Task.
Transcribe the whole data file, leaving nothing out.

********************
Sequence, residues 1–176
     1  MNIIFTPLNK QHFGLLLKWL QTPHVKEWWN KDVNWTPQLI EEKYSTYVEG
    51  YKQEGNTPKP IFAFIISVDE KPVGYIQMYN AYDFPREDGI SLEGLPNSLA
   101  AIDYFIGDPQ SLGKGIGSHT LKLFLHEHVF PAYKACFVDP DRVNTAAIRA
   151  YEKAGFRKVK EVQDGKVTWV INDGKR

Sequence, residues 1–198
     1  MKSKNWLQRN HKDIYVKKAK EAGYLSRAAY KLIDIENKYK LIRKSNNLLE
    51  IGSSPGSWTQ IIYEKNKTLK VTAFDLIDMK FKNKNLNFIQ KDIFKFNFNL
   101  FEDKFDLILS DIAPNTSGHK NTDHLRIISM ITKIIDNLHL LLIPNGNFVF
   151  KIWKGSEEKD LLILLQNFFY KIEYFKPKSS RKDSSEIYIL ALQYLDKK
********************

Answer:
Sequence, residues 1–176
     1  MNIIFTPLNK QHFGLLLKWL QTPHVKEWWN KDVNWTPQLI EEKYSTYVEG
    51  YKQEGNTPKP IFAFIISVDE KPVGYIQMYN AYDFPREDGI SLEGLPNSLA
   101  AIDYFIGDPQ SLGKGIGSHT LKLFLHEHVF PAYKACFVDP DRVNTAAIRA
   151  YEKAGFRKVK EVQDGKVTWV INDGKR

Sequence, residues 1–198
     1  MKSKNWLQRN HKDIYVKKAK EAGYLSRAAY KLIDIENKYK LIRKSNNLLE
    51  IGSSPGSWTQ IIYEKNKTLK VTAFDLIDMK FKNKNLNFIQ KDIFKFNFNL
   101  FEDKFDLILS DIAPNTSGHK NTDHLRIISM ITKIIDNLHL LLIPNGNFVF
   151  KIWKGSEEKD LLILLQNFFY KIEYFKPKSS RKDSSEIYIL ALQYLDKK